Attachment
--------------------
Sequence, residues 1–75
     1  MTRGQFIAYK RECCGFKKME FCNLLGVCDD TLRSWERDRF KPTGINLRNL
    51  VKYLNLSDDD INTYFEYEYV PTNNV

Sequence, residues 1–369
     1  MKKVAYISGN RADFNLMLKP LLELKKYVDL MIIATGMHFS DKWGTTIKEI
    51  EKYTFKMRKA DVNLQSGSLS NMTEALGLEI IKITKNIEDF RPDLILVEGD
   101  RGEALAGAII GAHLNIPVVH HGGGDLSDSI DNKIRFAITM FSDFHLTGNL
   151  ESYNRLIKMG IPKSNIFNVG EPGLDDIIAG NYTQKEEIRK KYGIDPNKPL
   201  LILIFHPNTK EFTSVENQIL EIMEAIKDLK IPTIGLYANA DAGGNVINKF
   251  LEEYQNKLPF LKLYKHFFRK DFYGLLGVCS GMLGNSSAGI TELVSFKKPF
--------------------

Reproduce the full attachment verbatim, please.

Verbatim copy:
Sequence, residues 1–75
     1  MTRGQFIAYK RECCGFKKME FCNLLGVCDD TLRSWERDRF KPTGINLRNL
    51  VKYLNLSDDD INTYFEYEYV PTNNV

Sequence, residues 1–369
     1  MKKVAYISGN RADFNLMLKP LLELKKYVDL MIIATGMHFS DKWGTTIKEI
    51  EKYTFKMRKA DVNLQSGSLS NMTEALGLEI IKITKNIEDF RPDLILVEGD
   101  RGEALAGAII GAHLNIPVVH HGGGDLSDSI DNKIRFAITM FSDFHLTGNL
   151  ESYNRLIKMG IPKSNIFNVG EPGLDDIIAG NYTQKEEIRK KYGIDPNKPL
   201  LILIFHPNTK EFTSVENQIL EIMEAIKDLK IPTIGLYANA DAGGNVINKF
   251  LEEYQNKLPF LKLYKHFFRK DFYGLLGVCS GMLGNSSAGI TELVSFKKPF